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Rocket League Season 8 Previews: Rogue

Rogue Rocket League

A 2-5 League Play team made the semi-final of the Season 7 World Championship.

Rogue turned the narrative surrounding their season around quickly. They were staying relegation in the face heading into Week 5. Then they grabbed a huge win against an imploding Spacestation team and pushed NRG to five games.

Their Regional Championship to World Championship run was nasty. Nicholas “Wonder” Blackerby visibly reached another level after graduating from college. Austin “AyyJayy” Aebi showed signs of improvement.

Most importantly Cameron “Kronovi” Bills went back in time and started playing like it was 2015. For the first time since Wonder and AyyJayy made the Rocket League Championship Series, there are significant expectations on this team.

This is not the scrappy underdog of Season 6. This team has all the makings of a Big Three challenger, but no one will be surprised by their skills. Cloud9, G2 and NRG are ready and waiting to swat down any soul courageous enough to cross their path.

This is Best Case/Worst Case, a Game Haus preview series profiling each Rocket League Championship Series team. With the season just weeks away, now is the perfect time to project each team’s ceiling and floor looking ahead to Season 8.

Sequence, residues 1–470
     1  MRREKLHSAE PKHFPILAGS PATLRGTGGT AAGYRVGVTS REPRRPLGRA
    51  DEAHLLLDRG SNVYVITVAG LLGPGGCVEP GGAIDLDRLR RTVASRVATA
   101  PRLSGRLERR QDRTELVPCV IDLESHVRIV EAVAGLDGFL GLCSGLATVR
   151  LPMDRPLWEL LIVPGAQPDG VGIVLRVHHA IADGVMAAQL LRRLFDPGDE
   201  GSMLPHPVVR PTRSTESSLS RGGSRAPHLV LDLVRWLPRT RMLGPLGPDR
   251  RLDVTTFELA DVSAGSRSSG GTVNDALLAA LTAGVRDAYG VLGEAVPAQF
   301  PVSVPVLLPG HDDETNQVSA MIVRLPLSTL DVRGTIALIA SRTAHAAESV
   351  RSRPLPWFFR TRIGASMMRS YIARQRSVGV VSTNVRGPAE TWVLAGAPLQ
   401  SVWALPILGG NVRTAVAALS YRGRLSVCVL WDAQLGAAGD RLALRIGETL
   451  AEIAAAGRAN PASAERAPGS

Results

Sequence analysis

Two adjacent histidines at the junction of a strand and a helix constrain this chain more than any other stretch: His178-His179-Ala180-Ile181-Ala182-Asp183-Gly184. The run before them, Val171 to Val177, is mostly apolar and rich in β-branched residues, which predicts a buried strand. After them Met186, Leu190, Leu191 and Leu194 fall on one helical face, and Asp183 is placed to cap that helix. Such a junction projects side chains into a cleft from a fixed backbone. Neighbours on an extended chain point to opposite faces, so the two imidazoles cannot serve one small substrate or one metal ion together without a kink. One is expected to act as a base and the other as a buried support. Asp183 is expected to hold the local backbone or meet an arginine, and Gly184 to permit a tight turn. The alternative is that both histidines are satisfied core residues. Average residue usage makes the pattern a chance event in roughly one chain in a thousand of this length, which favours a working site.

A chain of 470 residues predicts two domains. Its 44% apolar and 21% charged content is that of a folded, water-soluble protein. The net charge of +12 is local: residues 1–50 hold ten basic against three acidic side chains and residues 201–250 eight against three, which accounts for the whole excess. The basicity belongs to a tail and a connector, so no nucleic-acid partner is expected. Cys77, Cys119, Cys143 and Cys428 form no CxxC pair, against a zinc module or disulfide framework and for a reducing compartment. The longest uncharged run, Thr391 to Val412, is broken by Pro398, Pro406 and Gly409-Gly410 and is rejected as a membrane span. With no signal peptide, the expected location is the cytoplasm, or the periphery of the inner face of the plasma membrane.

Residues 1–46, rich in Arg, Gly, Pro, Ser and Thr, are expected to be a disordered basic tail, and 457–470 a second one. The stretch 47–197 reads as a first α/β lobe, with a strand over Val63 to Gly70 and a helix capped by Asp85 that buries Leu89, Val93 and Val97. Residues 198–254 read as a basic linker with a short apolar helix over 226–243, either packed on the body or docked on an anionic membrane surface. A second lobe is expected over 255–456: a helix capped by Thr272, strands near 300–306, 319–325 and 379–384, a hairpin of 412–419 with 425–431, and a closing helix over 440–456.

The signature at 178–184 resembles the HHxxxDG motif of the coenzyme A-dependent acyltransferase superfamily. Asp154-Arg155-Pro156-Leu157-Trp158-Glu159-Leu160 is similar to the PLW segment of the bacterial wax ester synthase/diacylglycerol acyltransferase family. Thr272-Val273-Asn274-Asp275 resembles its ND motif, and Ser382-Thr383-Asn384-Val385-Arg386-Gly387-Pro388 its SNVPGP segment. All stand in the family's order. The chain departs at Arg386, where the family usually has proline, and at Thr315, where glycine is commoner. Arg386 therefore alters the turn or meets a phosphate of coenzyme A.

Season 7 Results: 6th place in NA (2-5, 13-16). Beat Ghost and Spacestation to make World Championship. Topped Group C over FC Barcelona and Renegades. Beat Triple Trouble in WC semi-final. Lost 4-0 to G2 in the semi-final.

Off-season Movement: None.

Off-season Performance: 13-16th DreamHack: Montreal, 5th-6th Rocket League Summit 1, 7-8th DreamHack: Montreal Closed Qualifier, 13th-16th DreamHack: Valencia.

Team Stats: 1.93 GPG (T-3rd), 1.52 APG (T-4th), 4.41 SAPG (7th), 1.93 GAPG (5th)

Team MVP: AyyJayy

Realistic Team Goal: Make it out of the group stage at World Championship.

Background and History

Team SoloMid had a better regular season record than Rogue. The teams make for an interesting comparison. Both don’t allow a lot of shots, keep tight rotations and punish mistakes. The only difference is the fourth LAN spot just sort of tell to them.

Ghost had no business making LAN after a 0-4 start, and Spacestation had no business after struggling with Splyce in Week 5. The opening fell to Rogue and they took advantage.

Wonder slid into Ronin “PrimeThunder” D’Auria’s striker role and finished in the top ten in goals per game. Kronovi took on a third man role and tried to keep the ball in the opponents half. AyyJayy slid into the playmaker role and finished seventh in NA in assists.

The defense improved greatly with Kronovi. In Season 6 with Primethunder they were last in NA and allowed a preposterous 2.52 GPG. Season 8’s 1.93 GAPG almost got them relegated, but overall, Rogue finished well in nearly every statistical category.

They just struggled to finish series. EG shut them out in Games 4 and 5 after Rogue took a 2-1 lead in Week 1. They lost in a Game 5 OT to G2. Rogue were the only team to force a Game 5 against NA champs NRG.